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Please enter the digits in the box below:  |  Interviews  |  Richard Klarberg: Only accredited U.S. agencies should handle adoptions of...


June 09, 2010

Richard Klarberg: Only accredited U.S. agencies should handle adoptions of Russian children

Richard Klarberg, President and CEO of Council on Accreditation non-profit organization that accredits or is in the process of accrediting over 1,500 human and social service providers, told Interfax ahead of the next round of Russian-U.S. talks on adoptions that Moscow and Washington need to secure an agreement in order to prevent any disruption to the process of adoption of Russian children by U.S. citizens.

Question: What are your expectations from the next round of negotiations between the United States and Russia on international adoptions? What do you want to see in the new agreement between the U.S. and Russia on this subject?

Answer: Most importantly, we would like to see an agreement that allows for the uninterrupted processing of adoptions in all cases where a safe and permanent home for the prospective adoptee cannot be found in Russia. In addition, we would like to know that the agreement clearly supports the principles of the Hague Convention, and that only Hague-accredited U.S. adoption service providers will be permitted to facilitate adoptions in Russia.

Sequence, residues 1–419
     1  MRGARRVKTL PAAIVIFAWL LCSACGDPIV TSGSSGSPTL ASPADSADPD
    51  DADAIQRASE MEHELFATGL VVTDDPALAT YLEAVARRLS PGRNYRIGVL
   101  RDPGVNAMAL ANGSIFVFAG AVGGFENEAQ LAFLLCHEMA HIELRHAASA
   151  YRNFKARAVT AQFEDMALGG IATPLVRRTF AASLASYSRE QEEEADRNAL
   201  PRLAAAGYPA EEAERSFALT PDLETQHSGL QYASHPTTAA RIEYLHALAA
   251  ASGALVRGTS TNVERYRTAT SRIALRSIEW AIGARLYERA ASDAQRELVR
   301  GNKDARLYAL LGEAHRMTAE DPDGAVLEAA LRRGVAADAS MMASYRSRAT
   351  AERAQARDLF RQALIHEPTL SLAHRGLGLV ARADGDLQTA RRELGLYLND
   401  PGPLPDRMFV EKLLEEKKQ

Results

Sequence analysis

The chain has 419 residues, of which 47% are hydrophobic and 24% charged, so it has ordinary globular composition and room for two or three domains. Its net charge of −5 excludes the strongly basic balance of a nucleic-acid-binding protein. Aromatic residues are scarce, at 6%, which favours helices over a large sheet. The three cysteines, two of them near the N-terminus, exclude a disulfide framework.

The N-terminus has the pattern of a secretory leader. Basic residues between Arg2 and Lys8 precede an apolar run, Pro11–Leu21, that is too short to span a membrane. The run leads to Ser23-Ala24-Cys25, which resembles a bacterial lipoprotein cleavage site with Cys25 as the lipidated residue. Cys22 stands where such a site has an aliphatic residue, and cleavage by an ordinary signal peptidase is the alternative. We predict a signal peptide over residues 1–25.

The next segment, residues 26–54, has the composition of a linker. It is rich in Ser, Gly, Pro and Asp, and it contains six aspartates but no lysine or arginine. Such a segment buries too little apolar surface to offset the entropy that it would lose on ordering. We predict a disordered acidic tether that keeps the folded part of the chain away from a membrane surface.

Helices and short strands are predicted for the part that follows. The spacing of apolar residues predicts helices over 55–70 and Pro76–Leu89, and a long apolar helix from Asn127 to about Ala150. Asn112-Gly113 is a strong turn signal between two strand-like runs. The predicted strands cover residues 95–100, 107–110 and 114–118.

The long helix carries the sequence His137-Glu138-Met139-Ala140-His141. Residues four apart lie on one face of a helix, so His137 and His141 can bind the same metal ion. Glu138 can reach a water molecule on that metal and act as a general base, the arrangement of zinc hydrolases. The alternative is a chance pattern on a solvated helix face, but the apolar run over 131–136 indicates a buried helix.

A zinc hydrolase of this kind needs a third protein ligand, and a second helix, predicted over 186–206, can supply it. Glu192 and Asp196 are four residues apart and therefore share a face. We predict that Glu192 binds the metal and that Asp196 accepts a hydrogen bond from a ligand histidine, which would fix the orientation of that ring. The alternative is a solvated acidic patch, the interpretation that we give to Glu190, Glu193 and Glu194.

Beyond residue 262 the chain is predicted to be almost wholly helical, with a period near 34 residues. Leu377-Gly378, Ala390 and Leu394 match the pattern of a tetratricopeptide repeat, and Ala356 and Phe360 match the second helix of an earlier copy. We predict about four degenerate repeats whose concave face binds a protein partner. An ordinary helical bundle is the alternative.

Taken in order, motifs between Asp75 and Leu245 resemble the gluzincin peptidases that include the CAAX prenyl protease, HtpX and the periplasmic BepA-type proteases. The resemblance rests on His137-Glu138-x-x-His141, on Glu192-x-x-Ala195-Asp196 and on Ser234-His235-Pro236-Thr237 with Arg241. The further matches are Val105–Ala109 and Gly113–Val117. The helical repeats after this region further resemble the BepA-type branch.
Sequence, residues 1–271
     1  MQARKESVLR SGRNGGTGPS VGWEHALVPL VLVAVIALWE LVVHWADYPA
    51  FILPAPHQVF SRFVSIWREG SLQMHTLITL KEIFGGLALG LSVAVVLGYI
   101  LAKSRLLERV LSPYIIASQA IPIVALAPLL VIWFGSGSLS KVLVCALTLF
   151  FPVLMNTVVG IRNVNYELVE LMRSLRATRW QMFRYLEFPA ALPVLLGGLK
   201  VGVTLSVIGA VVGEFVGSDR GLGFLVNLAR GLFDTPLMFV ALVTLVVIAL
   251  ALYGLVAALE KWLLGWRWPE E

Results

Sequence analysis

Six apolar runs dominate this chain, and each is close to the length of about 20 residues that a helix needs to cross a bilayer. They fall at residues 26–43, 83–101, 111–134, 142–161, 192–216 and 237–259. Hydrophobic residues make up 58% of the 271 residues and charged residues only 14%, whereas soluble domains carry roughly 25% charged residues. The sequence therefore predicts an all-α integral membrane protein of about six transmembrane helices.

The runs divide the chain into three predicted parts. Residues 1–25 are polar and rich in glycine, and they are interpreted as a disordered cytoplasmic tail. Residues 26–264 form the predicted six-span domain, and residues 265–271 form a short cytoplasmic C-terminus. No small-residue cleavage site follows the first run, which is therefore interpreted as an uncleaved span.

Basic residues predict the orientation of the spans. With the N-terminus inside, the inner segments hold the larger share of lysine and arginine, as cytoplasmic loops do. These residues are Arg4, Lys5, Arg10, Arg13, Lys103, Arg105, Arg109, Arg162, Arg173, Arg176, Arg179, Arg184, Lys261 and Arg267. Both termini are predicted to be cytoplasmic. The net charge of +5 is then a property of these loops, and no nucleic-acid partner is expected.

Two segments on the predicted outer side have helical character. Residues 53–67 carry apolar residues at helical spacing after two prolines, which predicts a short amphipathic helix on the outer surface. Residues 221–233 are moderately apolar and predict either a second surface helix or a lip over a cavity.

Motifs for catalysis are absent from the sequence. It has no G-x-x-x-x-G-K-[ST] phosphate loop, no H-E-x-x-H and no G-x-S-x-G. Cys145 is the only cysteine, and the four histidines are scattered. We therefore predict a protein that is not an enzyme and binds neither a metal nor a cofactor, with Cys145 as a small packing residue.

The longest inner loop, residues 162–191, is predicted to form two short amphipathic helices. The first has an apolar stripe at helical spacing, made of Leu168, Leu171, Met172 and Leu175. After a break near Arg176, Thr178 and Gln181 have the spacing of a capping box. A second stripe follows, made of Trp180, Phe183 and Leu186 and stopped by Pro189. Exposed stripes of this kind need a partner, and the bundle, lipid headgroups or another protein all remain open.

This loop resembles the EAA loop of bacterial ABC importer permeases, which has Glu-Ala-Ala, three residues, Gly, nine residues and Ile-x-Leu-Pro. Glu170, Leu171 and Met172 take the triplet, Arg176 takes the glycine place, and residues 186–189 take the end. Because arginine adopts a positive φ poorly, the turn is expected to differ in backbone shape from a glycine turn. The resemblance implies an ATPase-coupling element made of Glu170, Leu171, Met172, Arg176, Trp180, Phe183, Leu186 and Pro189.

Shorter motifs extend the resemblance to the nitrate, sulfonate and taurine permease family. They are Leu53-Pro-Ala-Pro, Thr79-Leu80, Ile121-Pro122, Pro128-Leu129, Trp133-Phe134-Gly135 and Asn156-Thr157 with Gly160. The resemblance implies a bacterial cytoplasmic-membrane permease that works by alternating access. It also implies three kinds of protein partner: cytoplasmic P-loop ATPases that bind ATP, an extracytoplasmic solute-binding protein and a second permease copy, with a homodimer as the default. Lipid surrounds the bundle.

Q.: How can you explain those tragic cases with the Russian adopted kids that happened in America recently?

A.: There is no explaining tragedies of this nature. We believe that they result from a series of factors, these include an incomplete understanding of the childs needs by the adoptive parents, a flawed review of the adoptive parents capacity to provide a safe and nurturing environment and a lack of post-adoption support when the adoptive parents or the adopted child are unable to function in a healthy way. This last would require that post-adoption home visits be required.

Q.: What is the importance and value for the accreditation of the adoption agencies?

A.: While accreditation is certainly not a guarantee that tragic events will not occur for whatever reason, it does establish a clear process and clear standards for what is expected of the adoption service provider. In addition, because a part of the process is to establish a means for complaints to be registered and acted on, it ensures that patterns of inappropriate practices will be stopped.

I recognize that this is a highly emotional and political issue. I believe that it is only through an open dialogue that valid concerns and fears can be addressed.

***Russian Foreign Ministry spokesman Andrei Nesterenko said last week that a date for the third round of talks on adoptions would be set in the near future. U.S. Assistant Secretary of State Philip Crowley said earlier that these talks could take place in Washington on June 14-16. However, the Russian authorities have not confirmed this date yet, he added.

Russia proposed signing an accord after an American adoptive mother sent her 7-year-old boy back to Russia unaccompanied in April, saying she could no longer cope with his emotional problems.

Russian Foreign Minister Sergei Lavrov proposed freezing all adoptions of Russian children by U.S. families until an appropriate bilateral agreement was signed following the incident with 7-year-old Artem Savelyev.

According to the Russian Prosecutor Generals Office, 12 Russian children were killed by their U.S. adoptive parents by 2006, when Russia toughened the adoption rules for foreign citizens.


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